As the father of a 2 year old, it’s interesting for me having my son approach the age where I started remembering stuff. I remember bits and pieces of the tail end of being 2. I remember wearing Ernie footie pajamas at the drive-in theatre in town, watching Star Wars for the first time. I also had my first stuffed animal friend, a bear named Fluffy. My son hasn’t latched on to any toy in particular as a buddy yet, nor really given any of his toys any anthropomorphic qualities. I’m curious to see when he starts, and what personalities he starts assigning. Part of the reason this intrigues me is because I’d like a little insight into my own childhood. I used to name almost every toy I owned, and I can remember sleeping with my bed filled to capacity with little plastic toys so that they didn’t feel left out. I can definitely appreciate caring for the feelings of others, but in retrospect I think perhaps feeling empathy toward a Grimace comb obtained from a Happy Meal might have been a bit much. Trying to break myself of this behavior wasn’t easy. Basically, it involved putting my best friend in a box and telling myself he wasn’t real. Though I was aware at the time it was the mature, healthy thing to do, it still felt completely wrong. To this day, it’s still a little hard to watch Toy Story.
Looking back on my childhood, I’m not particularly surprised at this. I got mercilessly bullied as a child all the way through high school. My imagination has always been my playground and my sanctuary. Inventing my own friends who wouldn’t hurt me seems pretty logical under the circumstances. Hopefully, my son won’t need to do this. I don’t know if growing up this way is a common thing, especially among geeks, but I do know it colors my perspective on parenting.
We watch a lot of PBS around my house these days, and two of my son’s favorite shows are Thomas the Tank Engine and Bob the Builder. Both of these shows feature anthropomorphized machines, and they all have faces of some sort and speak and have feelings. Matter of fact, in both shows the machines are happiest when they are useful, and sad when they’re not. It makes sense for this type of show, and it helps little kids understand that it feels good to help others. That’s great — until I think about it too hard and ruin everything.
It was an episode of Thomas that set the dread wheels in motion. Somebody found a spot on a map that nobody had been to for years, and they sent a team to check it out. It was all overgrown and when they cleared it out, they found this old steam engine. 50 years ago, he had finished a day’s work and parked in his shed, and then nobody came back for him. They show him sadly waiting through a couple seasons, and eventually falling asleep until he was found. In the story, he was all happy to be found and they refurbish him and everything is great. But I’m thinking this engine is sitting alone, in the dark, unable to move or talk to anyone for half a century. He’s going to be crazy, incredibly pissed off, or both. And even if he’s not, he’s going to be really depressed that he could be forgotten that easily.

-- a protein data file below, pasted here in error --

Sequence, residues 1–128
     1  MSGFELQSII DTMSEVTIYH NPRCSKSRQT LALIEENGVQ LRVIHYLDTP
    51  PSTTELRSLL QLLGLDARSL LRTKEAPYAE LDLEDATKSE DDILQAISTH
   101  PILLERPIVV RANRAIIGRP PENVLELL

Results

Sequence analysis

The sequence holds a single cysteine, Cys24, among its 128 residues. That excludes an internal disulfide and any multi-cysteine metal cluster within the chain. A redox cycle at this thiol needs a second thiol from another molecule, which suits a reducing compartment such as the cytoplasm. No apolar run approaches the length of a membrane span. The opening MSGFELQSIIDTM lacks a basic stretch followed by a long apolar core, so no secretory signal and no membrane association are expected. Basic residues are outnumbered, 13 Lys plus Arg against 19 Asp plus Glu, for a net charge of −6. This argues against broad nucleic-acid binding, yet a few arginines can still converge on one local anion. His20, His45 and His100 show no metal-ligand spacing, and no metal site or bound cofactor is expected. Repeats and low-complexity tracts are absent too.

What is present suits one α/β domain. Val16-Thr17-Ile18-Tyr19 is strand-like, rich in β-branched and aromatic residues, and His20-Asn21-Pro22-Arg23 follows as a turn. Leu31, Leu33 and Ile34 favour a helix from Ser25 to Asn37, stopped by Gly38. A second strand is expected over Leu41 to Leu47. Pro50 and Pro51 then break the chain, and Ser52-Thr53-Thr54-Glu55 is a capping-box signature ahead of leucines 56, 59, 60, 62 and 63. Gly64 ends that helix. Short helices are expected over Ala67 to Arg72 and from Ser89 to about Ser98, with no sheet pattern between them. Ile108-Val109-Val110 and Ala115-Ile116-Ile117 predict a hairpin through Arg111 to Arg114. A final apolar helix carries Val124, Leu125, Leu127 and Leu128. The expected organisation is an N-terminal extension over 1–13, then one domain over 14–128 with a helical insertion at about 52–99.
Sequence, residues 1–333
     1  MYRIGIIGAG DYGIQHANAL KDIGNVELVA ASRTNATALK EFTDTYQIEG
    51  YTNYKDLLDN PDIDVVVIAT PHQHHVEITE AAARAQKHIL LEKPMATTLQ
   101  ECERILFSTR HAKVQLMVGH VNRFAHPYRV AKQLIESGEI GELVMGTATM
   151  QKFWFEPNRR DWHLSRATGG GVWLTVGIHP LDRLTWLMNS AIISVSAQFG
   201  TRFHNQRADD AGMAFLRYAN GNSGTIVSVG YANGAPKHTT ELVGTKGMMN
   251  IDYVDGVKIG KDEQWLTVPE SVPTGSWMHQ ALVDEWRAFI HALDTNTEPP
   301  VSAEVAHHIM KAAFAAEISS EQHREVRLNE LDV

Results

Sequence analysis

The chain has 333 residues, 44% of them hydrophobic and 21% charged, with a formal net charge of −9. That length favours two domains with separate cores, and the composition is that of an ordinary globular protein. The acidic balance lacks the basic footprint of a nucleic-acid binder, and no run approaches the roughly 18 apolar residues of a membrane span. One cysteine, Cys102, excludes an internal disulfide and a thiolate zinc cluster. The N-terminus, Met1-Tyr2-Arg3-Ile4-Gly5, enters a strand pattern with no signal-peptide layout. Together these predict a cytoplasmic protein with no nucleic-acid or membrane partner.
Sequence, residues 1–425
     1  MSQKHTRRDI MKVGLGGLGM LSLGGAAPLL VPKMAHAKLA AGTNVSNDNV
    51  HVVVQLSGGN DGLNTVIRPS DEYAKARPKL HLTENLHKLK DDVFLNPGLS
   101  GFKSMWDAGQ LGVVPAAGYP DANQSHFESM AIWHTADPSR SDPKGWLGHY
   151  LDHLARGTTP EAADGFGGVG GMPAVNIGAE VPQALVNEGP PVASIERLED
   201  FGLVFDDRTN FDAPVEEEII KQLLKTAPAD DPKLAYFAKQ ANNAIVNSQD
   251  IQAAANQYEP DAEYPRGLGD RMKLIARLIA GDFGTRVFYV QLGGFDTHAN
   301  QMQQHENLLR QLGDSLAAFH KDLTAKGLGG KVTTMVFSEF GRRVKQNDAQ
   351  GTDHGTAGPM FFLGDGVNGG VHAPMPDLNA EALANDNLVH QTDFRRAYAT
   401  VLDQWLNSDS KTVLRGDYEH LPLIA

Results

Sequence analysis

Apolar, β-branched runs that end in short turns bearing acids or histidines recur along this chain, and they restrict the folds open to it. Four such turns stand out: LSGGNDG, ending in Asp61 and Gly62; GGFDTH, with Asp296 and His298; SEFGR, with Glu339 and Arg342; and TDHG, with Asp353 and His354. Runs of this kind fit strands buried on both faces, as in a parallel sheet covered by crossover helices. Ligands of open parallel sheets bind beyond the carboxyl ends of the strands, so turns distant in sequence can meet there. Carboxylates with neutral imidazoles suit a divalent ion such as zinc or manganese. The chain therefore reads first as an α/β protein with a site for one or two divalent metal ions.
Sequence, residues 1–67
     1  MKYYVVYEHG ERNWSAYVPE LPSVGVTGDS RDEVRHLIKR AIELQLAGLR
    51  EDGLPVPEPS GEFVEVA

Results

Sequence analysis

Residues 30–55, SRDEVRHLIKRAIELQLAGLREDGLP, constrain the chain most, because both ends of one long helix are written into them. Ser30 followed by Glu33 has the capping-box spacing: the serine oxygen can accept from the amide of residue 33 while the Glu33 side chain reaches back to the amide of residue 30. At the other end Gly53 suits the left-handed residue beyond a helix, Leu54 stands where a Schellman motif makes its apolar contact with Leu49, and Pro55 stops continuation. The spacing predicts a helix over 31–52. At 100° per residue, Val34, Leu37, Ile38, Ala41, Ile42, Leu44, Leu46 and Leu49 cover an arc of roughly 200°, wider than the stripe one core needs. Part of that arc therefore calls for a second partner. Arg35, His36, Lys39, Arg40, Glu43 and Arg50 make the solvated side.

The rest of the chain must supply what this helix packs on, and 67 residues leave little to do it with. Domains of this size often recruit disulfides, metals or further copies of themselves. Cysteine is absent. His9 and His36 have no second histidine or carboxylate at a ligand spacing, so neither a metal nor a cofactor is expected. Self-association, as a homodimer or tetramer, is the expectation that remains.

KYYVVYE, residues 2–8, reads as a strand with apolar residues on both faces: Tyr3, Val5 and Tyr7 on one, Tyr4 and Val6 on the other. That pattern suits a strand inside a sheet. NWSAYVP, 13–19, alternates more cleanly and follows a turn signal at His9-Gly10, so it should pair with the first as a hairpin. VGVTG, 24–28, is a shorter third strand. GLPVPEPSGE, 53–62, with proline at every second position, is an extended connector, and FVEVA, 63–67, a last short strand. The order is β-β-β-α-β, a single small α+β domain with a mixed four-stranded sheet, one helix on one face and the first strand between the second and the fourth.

That got me wondering how the trains get built in such a way that they have personalities, and why they are all subservient to Sir Topham Hatt. What creature is born with an instinctive love of tourism and industry? Not long after, I saw an episode of Bob the Builder where Scoop is complaining he’s the only digger around, and so Bob’s dad calls the machine rental store and brings in a happy new member for the crew. Isn’t that slavery? (Does it count if you’re just renting them? I’m imagining a chain of stores called “INDENT-U-RENT”.) This, of course, is not a new concept to anyone who’s seen Star Wars. C3P0 has lots of stories to tell about all his former masters. They even made a cartoon series about it! But the droids are pretty nonchalant about all this, even quietly accepting their fate when Luke buys only Threepio and it seems they’re going to be separated.
It’s not always like that, of course. The Matrix is a great example of what happens when the machines are aware of their fate, have the physical capability to do something about it, and have no programming in place to dictate a course of action other than murdering us and turning us into Duracell batteries. This makes me worry about the eventual fate of Sir Topham Hatt and Bob The Builder and everyone in their worlds. What if the economy takes a dive and the work dries up? You’ll have all these frustrated, depressed machines with nothing better to do than destroy. What if they become aware of their plight and rebel? And what are you going to stop them with? All the tanks and planes probably have faces, too. You’ll be relying on Robert the Rocket Propelled Grenade and Friends.
It’s times like these when I consider giving in and turning on Dora the Explorer. Yes, she makes me want to saw off the top of my skull and scoop my own brains out to end my suffering, but at least I don’t generate apocalypse scenarios for Sunflower Valley. Sometimes I soothe myself by thinking this will help prepare mankind for the Singularity. I will hide in a bunker with people who are prepared for the Zombie Apocalypse, Alien invasions, and the Grey Goo scenario. We will form the League of Improbable Doom, and whip each other’s irrational fears into an unstoppable frenzy.
This is really making me want to play a golem-specialist wizard. Or just a golem. Or to invent an anthropomorphic steam-engine class for 4E. Warforged are for amateurs.